Friday, November 13, 2009

What's so funny 'bout peace, love and understanding?

I took a deep breath. I had scheduled a phone appointment with someone for a company newsletter article, but when I call, I get dumped straight into voicemail. When I finally reach her, 45 minutes later, she's in a meeting and...let's just say her demeanor is "gruff."

I provided an escape clause, "Is this an OK time? I'd be happy to reschedule," but she stepped out of her meeting and we did the very brief interview. I wrote up the article, and sent it to her for review the following morning.

To my amazement, she responded quickly, was complimentary and didn't have a single change. Interestingly enough, she also thanked me for "being patient" the previous day--so she evidently recognized that she'd been out of line.

I find it odd when people for whom you're essentially doing a favor act as if you're inconveniencing them. I was writing an intercompany article with the sole purpose of making her and her department look good. We'd booked a time that she neglected to put in her calendar--no big deal. Once you've blown it, however, in my version of The Game anyhow, you're supposed to default to an immediate, on-the-spot apology. You only get partial points for a day-after one.

I was "patient" because I recognized it as the only way of getting the job done, not because it's my preferred mode of operation. We're all busy, but courtesy makes life a lot more pleasant--and a much better impression.

Heading into the weekend, a video tie-in to the post headline. Elvis Costello cut the most famous version of "(What's So Funny 'Bout) Peace, Love and Understanding," but Nick Lowe (who wrote the song) sets a more leisurely pace.


  1. Is it possible she was just having a bad day?

  2. No doubt she was having a bad day. My bigger-picture issue is whether 1) you should ever let other people *know* you're having a bad day by treating them poorly or 2) some people basically have a bad day...every day.

    Call me a sap, but I generally try to be pleasant even to telemarketers and customer service people to whom I am lodging a complaint. (Not always, but generally.) I try to reserve short-temperedness with people who've earned it.

  3. It's the whole "flies and honey" thing. Life is just about always easier when you are nice. Conflict is upsetting. Why spend your day feeling upset and annoyed after explaining to the jerk she is being a jerk? You did the right thing, and hey, you're getting paid for it!

  4. Jake: Good thing she was cool the next day, proving she was having a bad day and she's not just a bitch. People who are mean and cop an attitude make everything more difficult. And I'm nice to the telemarketing people, too...they're just trying to make a living...(well, maybe the yellow pages sales people who challenge me directly on why I would dare cut the them I may be a bit more "direct") But it's a damned small world and we seem to be in a "me vrs them" frame of mind. Let's just all be nice. YES!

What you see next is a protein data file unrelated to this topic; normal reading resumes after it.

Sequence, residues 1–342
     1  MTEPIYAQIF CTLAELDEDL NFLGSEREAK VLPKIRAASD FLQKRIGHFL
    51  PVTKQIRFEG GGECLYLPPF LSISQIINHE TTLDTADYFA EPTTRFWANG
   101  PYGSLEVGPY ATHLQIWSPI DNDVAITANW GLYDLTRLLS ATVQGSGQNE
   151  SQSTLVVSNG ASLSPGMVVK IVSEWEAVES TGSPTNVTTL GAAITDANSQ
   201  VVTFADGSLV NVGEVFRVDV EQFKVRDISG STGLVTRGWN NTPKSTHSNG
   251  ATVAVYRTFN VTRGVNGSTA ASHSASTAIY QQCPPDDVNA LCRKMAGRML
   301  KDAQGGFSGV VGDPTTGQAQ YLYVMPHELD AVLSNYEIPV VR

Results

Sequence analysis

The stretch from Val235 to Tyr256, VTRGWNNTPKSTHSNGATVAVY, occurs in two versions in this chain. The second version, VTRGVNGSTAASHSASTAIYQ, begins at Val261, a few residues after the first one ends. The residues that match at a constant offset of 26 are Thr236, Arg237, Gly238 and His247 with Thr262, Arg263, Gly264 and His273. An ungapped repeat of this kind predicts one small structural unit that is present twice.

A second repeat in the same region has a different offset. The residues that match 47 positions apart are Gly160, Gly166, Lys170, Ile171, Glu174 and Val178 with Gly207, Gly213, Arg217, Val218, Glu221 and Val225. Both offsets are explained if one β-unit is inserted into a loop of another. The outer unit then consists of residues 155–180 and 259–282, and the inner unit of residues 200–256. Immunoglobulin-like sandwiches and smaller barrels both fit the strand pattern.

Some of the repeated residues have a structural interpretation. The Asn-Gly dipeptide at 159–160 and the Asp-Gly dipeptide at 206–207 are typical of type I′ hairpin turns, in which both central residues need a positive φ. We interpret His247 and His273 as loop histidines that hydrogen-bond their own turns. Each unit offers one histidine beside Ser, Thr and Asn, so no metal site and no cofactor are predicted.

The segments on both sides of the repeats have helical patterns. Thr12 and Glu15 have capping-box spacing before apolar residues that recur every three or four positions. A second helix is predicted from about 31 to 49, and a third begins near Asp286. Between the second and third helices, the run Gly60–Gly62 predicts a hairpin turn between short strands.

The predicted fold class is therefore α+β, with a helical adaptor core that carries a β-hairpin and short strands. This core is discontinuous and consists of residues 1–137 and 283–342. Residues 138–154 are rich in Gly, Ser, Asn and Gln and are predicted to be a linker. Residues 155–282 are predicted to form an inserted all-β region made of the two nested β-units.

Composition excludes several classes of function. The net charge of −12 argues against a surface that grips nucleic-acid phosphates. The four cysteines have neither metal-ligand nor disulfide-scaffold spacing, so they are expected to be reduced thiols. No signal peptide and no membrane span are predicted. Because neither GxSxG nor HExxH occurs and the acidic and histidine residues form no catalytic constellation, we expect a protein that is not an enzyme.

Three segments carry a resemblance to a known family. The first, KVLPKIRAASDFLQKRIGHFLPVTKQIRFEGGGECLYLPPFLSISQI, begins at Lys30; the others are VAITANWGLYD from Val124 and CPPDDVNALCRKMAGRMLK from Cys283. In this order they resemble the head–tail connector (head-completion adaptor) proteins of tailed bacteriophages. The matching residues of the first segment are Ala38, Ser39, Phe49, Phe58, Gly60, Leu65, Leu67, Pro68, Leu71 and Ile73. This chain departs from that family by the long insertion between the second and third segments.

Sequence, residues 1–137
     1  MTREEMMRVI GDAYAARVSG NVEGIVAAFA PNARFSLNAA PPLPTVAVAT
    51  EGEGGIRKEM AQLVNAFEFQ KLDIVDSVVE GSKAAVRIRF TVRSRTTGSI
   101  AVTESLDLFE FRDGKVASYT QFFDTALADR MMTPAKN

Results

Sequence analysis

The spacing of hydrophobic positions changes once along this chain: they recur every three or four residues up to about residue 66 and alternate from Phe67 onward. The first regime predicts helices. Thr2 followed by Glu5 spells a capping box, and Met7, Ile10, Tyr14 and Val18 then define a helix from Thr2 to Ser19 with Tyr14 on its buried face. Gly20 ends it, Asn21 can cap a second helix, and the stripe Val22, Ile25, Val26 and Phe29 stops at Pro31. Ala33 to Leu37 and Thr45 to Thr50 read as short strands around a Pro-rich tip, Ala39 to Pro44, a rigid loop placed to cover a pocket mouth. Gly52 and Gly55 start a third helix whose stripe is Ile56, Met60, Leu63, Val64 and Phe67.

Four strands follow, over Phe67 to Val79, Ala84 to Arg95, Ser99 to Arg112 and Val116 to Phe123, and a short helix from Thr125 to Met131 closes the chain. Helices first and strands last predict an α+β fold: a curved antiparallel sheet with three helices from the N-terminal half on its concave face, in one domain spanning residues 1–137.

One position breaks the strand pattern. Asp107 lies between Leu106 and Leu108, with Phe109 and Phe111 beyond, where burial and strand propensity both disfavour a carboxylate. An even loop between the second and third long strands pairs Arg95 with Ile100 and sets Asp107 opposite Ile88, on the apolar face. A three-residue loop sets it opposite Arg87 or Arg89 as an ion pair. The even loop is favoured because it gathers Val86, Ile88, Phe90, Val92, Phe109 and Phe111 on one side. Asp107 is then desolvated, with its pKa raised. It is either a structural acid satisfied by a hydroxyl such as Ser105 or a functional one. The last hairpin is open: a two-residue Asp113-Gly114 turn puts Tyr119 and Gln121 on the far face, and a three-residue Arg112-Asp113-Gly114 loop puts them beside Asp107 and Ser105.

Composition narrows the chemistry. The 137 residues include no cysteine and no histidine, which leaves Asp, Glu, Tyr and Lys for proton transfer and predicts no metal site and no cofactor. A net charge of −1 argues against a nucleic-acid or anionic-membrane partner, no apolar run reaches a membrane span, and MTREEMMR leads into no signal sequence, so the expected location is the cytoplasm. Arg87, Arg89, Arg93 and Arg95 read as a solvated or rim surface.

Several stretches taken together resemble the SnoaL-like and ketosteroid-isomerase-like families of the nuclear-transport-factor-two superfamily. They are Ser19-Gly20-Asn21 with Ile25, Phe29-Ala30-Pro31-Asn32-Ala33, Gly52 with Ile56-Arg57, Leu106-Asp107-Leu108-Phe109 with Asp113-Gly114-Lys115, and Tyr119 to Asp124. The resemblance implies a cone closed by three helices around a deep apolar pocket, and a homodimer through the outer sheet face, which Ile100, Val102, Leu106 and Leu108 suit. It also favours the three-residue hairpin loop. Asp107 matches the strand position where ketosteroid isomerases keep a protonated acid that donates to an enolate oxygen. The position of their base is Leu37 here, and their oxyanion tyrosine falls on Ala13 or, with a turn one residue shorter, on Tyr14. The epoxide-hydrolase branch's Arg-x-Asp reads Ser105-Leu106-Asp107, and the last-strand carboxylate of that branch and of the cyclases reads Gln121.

5. smilingtreewriting, it does go back to that, doesn't it? I was reminded the other day of the inherent power and truth in old sayings by someone who had posted Rudyard Kipling's "The Gods of the Copybook Headings." We forget them at our peril.

    adchick, indeed--it brought me back from a sort of dark moment. And as far as people challenging you, or customer service people giving you the runaround, for example, that is an occasion for a more vigorous exchange. As I've gotten older, my fuse has gotten longer and harder to light.

  6. I hear ya, Jake! I experience this same thing every day. Every time I pick up the phone to call a source for a marketing piece, I take a deep breath and remind myself that I've been *asked* to make the call — because there is always a high probability that I'll be treated unprofessionally. It's unfortunate, but sometimes, we're just treated as the "vendor," rather than as a professional. But alas, it hasn't gotten so bad that I've turned down work. :)

  7. Stephanie, that's a bummer that you've experienced such a high rate of negativity. (I'd be curious to know what types of people you're having to call that they'd be so cranky...) Part of the reason that the above incident stuck in my craw was that it was an outlier.